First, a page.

Paddle-boarding. Slightly more do-able than surfing. Sunshine on water on Saturday afternoon, cold grey Sunday, last night the storm that takes away the leaves. Grey morning. Enough. Diary entry.
Another month. Fourth quarter of the year. Solstice not so long ago. Sun very red on the horizon, very big, seeming to rise slowly. Surprised myself, sitting in the window watching the leaves, by not noticing it until it was fully formed on the horizon. The leaves, flickering like the opposite of light on water, against a clear sky in a steady wind. The light having that steel-grey quality of imminent snow, although it's nowhere near that cold and likely to be another warm sunny day.
Thinking about that conversation overheard the other day. Underlying assumption that we're all on the left now, and if only the country would see sense, Mr Corbyn would take over and bring us to a steady state in which all our problems had been solved. I don't know why I find politics so interesting at the moment. A study in human nature? The oddly symbiotic relationship between politicians and their interviewers, each trained to deal with the other?
As for the real world, that's somewhere else entirely.
Early morning. The kettle bringing itself to the boil. Turn off the light, and the sky is just a touch brighter than it was, a rip of white cloud on the horizon in an overall grey, lit from behind, et cetera, Voice in the radio talking about J Corbyn's likely impact on markets. Nil, given that he's detached from reality (says the radio). A piece earlier about J Corbyn's failure to appoint women to any of the high offices of state.
Mr Corbyn isn't a throwback; he just says what he thinks. This amounts to a new politics, given the spin and equivocation of media-trained interview technique. Maybe he can achieve what he wants. Maybe the consequences of idealism are invariably unintended. "No women in the top five jobs?" says the journalist interviewing the other journalist, just a moment ago. When 24-hour rolling news was introduced, nobody mentioned that it was going to be the same news, on and on.
Is it just that we're against government? The constituency that 'should' have been Labour's at the election stayed with the party that it's most comfortably against? Dear Diary, I don't think it matters which of the candidates gets the leadership of the Labour Party, any more than the internal politics of the Privy Council matter to the outside world. It's not that Labour is failing to articulate its message, or get across that it cares, blah, blah, but that opposition no longer needs to be channelled through a generalist political party.
There's something narrow and specific about nationalism, for example. The same could be said of fundamentalism, which thinks religious but acts political, and of the aims of (for example) the Women's Equality Party and the Green Party. But the broader opposition to government policy that would once have been led by a political party, by Labour against the Tories or vice-versa, no longer happens that way.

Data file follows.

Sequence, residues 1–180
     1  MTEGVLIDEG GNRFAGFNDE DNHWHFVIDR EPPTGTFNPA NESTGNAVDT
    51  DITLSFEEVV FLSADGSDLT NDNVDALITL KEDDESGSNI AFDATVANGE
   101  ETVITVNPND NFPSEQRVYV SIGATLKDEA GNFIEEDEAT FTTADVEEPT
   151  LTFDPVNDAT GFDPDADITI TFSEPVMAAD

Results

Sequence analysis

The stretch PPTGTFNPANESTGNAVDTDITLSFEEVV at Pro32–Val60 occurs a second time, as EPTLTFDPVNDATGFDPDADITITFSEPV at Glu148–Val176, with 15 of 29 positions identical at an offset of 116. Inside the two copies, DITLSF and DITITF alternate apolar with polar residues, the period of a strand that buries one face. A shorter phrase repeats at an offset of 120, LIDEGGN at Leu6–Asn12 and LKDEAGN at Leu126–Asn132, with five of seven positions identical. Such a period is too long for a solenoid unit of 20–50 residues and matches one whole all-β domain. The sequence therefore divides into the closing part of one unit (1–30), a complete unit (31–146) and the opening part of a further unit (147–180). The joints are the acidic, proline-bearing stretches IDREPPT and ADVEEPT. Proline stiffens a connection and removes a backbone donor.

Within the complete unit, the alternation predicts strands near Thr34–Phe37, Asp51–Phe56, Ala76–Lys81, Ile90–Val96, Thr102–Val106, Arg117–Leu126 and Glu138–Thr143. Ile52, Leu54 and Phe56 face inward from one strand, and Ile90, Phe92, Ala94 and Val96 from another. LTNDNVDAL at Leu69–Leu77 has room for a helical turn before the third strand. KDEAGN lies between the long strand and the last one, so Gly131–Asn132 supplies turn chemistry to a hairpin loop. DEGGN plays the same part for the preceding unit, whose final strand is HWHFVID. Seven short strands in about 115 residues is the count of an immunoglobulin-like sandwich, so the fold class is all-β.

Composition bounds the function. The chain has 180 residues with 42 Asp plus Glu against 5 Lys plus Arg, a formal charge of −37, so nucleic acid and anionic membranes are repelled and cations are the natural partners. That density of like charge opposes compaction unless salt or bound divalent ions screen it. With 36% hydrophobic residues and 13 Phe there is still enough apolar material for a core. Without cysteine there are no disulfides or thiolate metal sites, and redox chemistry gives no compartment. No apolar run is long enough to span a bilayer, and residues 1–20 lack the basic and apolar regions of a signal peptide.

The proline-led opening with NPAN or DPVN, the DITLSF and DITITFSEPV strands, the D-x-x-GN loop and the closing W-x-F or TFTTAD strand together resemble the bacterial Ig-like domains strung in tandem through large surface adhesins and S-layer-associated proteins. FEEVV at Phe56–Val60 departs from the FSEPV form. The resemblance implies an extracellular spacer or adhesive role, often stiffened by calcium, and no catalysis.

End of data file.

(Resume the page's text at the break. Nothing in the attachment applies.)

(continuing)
We may all be against the government, and let's say for the sake of argument that we're all against the cuts, the austerity, immigration policy, any change to the BBC or the NHS, migrants drowning in the Mediterranean, milk being bought too cheaply from farmers, the whole nine yards. But the big change is: we don't flock to the largest opposition party, and seek to effect change by voting in, well, Labour.
We do something that seems to be more effective than that. We go on Facebook. We stop shopping. We organise mass movements around narrow and specific objectives. Not in the 'Arab Spring' sense of being summoned to a demonstration by Twitter, and not with much drama. We just make our presence felt. When Amazon changed its policy on paying UK tax, it was going from doing something legal and cheap, and defensible in an argument with HMRC, to doing something more expensive and less immediately beneficial to its shareholders. Supermarkets and milk producers aren't talking prices because David Cameron has chaired a COBRA meeting on the subject. In both of those cases, we wanted change because the status quo wasn't fair - and that was enough for change to happen.
Politics in the UK may be dominated by a 'silent majority' of 'shy Tories', and it's striking how much political discourse is focused on resisting change - to the licence fee, to the BBC, to the NHS, to weekend tube services in London, and hey, in a sense perhaps also to the unpopular government - but I don't think that's really the point any more. Without picking on a particular candidate, I'd say that this leadership election is exposing the weakness of politician-speak. I'd say Jeremy Corbyn is popular not because we want Clause Four reinstated (he retracted, didn't he?), but because he talks in common-sense English sentences. He's specific about what he wants.
The present government will eventually defeat itself. The present electorate is ungovernable and the unpopular moves will accumulate. When the present government falls, we might just possibly elect 'the other lot', in the old sense, or we might repeat a version of what we've just done and have done before: Tories defeat Coalition; New Labour buries Labour; Thatcherism trounces old-style Conservatism. The Union might fall apart, because we've voted for nationalist parties and/or pushed for devolution and thus brought politics closer to the people where it belongs. Or we may do something that expresses a new approach to politics.
We may continue to oppose, in the cause of fairness. We may continue to make our presence felt. We are, after all, empowered to "speak truth to power", or at least to express ourselves forcefully to the people who nominally hold power, much more 'loudly' than ever before. The vocal wing of the electorate votes every day, through Facebook, comments, blogs. It may not happen soon, but at this rate, if we're not careful, we may end up running the country by opposing the government.
Going by this morning's radio coverage, and reported-on-the-radio newspaper coverage, the Greek deal was a disaster. The Greeks couldn't pay back the money they owed, so "Europe" has lent them more. To justify this, the Eurozone's finance ministers have set even more onerous conditions for the loan - more onerous than the conditions already rejected by the Greek people. So there!